Archive | October, 2012

Hawthorne Valley Farm Granola

9 Oct

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Hawthorne Valley Farm Granola

A food review by Daniel B.

Just because it’s organic doesn’t mean that it’s good for you.

There has been a lot of brouhaha recently around the relative importance of organic food. Some true believers in the movement will absolutely insist that organic food is more nutritious. I’ve even heard someone claim recently that organic produce lasts longer than its conventional counterparts. I have no reason to believe either of these are true.

Sometimes the organic version of a food item may be the best of all available choices. But there is also a lot of organic junk food on the market, and I’ll confess to buying a lot more of it than I should. And not just for my kids.

Sugar is generally the culprit of taking good, wholesome, nutritious food and turning it into junk. Fortunately the good folks at Hawthorne Valley Farm are still making an organic granola filled with goodness and just a touch of maple syrup.

Why breakfast cereals for adults have to be loaded with sugar is a mystery to me. Smart Start by Kellog’s has sugar as its third ingredient, its fourth ingredient “oat clusters” contains sugar, molasses, honey, and corn syrup, its fifth ingredient is high fructose corn syrup, and its seventh ingredient is honey. It’s amazing the manufacturer can get away with calling this “lightly sweetened” even though a one cup serving has 14g of sugar.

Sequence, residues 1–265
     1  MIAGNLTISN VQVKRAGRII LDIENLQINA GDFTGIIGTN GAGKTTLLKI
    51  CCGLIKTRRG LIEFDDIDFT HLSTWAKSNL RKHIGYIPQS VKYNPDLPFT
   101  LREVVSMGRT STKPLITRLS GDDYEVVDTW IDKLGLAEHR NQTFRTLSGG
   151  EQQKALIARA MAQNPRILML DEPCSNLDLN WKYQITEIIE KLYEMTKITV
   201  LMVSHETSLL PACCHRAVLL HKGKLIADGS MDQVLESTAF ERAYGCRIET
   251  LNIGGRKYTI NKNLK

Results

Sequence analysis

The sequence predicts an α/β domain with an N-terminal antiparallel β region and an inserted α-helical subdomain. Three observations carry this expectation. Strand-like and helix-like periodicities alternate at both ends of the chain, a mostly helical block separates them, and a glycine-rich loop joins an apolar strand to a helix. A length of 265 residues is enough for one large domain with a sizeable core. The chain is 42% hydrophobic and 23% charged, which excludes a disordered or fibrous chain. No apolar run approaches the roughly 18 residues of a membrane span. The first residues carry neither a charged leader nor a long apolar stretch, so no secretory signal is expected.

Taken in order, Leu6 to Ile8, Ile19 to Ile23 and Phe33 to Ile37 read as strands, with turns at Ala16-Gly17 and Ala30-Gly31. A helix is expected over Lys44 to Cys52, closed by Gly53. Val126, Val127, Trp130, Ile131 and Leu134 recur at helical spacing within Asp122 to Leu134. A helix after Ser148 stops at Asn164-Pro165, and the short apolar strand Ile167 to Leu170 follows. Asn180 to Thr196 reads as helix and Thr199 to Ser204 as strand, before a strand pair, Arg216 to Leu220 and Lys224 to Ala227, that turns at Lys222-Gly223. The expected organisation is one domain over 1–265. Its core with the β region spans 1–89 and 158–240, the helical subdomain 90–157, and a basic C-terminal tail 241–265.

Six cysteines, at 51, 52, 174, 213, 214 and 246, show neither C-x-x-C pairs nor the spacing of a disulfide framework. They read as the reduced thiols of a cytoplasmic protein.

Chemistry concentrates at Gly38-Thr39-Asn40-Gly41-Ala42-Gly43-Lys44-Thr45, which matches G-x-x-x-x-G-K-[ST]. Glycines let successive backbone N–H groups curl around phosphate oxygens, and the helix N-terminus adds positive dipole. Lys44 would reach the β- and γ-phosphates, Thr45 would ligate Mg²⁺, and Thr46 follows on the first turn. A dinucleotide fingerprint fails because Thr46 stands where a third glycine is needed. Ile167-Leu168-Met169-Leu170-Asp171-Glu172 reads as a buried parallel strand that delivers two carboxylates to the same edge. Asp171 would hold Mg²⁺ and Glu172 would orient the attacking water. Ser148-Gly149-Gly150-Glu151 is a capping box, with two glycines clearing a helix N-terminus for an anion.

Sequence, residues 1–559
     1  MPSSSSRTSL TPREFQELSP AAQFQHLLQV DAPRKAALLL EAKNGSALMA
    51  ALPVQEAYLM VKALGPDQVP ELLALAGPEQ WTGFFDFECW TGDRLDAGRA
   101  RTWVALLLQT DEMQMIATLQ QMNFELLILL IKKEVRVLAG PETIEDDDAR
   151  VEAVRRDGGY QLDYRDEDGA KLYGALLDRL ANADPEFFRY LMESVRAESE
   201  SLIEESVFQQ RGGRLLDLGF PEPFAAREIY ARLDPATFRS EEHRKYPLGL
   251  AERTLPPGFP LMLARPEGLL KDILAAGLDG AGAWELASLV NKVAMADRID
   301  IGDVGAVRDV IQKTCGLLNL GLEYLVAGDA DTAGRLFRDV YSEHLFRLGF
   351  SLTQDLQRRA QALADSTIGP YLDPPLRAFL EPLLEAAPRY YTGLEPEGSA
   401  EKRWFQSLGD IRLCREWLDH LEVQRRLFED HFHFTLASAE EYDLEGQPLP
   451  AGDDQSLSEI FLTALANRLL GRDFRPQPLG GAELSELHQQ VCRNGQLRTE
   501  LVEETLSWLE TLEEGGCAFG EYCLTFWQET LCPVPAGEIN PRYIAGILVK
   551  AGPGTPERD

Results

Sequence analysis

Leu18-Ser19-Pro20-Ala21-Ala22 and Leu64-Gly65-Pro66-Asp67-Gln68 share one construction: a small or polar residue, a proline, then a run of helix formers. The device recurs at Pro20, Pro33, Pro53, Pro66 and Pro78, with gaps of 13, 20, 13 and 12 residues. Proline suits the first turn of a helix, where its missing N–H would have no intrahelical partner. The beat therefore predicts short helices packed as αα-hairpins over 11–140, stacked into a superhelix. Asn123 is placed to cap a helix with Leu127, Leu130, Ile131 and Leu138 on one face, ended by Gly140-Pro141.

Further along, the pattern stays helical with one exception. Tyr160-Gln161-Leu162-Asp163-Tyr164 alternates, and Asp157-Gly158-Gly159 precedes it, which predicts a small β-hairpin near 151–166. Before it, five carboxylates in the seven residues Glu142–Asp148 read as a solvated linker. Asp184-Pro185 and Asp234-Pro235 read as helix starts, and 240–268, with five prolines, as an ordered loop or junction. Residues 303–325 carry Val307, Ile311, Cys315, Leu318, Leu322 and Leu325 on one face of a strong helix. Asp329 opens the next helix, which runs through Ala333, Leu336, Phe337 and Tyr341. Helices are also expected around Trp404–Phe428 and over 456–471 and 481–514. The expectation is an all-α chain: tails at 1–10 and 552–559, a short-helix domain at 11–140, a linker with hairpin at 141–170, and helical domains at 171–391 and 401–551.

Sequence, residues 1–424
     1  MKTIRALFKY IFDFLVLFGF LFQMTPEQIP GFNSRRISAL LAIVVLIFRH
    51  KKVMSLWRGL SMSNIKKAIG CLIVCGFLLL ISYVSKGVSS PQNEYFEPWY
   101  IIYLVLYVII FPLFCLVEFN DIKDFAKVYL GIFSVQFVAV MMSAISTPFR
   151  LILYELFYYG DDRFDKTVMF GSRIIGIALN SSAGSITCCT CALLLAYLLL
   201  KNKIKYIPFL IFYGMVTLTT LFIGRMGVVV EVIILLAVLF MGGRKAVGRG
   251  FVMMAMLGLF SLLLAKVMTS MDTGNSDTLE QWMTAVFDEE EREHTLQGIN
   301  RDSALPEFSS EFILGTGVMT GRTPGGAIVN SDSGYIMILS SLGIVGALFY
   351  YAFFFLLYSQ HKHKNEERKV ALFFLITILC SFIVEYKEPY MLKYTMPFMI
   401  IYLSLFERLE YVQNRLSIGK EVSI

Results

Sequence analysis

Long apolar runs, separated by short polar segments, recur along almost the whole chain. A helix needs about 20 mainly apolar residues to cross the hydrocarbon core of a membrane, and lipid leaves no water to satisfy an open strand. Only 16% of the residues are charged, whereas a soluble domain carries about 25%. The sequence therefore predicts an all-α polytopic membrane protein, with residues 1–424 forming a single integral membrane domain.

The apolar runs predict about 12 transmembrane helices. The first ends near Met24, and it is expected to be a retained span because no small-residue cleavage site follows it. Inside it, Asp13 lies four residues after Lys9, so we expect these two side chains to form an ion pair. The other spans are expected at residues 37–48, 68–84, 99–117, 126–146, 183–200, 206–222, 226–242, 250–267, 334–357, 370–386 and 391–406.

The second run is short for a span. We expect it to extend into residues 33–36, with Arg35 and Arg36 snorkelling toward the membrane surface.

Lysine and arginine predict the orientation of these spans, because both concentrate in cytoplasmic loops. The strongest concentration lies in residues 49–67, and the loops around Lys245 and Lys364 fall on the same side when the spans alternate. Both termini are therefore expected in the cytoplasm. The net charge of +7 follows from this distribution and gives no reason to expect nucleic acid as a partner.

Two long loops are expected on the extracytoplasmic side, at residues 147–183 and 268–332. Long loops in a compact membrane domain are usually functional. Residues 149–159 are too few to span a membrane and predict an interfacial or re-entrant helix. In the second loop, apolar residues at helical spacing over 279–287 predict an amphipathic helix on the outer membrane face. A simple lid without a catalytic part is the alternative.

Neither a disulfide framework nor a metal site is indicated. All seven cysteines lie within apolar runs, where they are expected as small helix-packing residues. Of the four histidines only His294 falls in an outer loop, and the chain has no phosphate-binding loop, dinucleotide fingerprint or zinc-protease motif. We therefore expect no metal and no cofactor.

By the way, a one cup serving of Smart Start is about 50g, which makes this healthy breakfast 28% sugar by weight.

Which isn’t to say that Cascadian Farm organic oats and honey granola is any better. It contains sugar, molasses and honey as ingredients two, five and seven respectively. Also with 14g of sugar per serving this organic breakfast cereal weighs in at 25% sugar by weight.

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All of this makes the ingredients list of Hawthorne Valley Farm’s organic maple walnut raisin granola such a blessed relief. It’s made from organic oats, organic canola oil, organic sunflower & sesame seeds, organic maple syrup, biodynamic raisins and organic walnuts.

This is truly a lightly sweetened breakfast cereal.

The only problem is that without preservatives or fancy airtight packaging the granola inside the bag can get a little bit soft. Some people may like it that way. But with the nip of fall in the air, toasting this cereal in a 350 oven for four to five minutes makes for a very special breakfast, especially when it’s served on top of some good yogurt.

Fall doesn’t call for the deep warming power of a hot steaming bowl of oatmeal. But still the chill of morning makes cold milk on cereal seem stark and joyless. This small act requiring just a few minutes of effort will bring a toasty smell into the kitchen to welcome the morning and start the day.

Yogurt however is important because the toasted granola will heat the milk in the bowl and you will miss out on the delightful contrast of temperatures.

Yes, a one pound bag of their granola isn’t cheap. At $7.50 it’s about twice the price of Cascadian Farm’s sugar bomb. But if you think about the cereal as a hot toasted yogurt topping, it’s only about fifty cents per quarter-cup serving. Or to look at it another way, ounce by ounce it’s about the same price as those new fangled frozen yogurt joints.

No, it’s not as sweet. But it still makes a great treat.

About Daniel B.

A west coast transplant now living in Albany, Daniel Berman is applying his communication strategy background to food writing with the ultimate goal of improving the culinary landscape in the Capital Region. He writes the FUSSYlittleBLOG and contributes regularly to All Over Albany.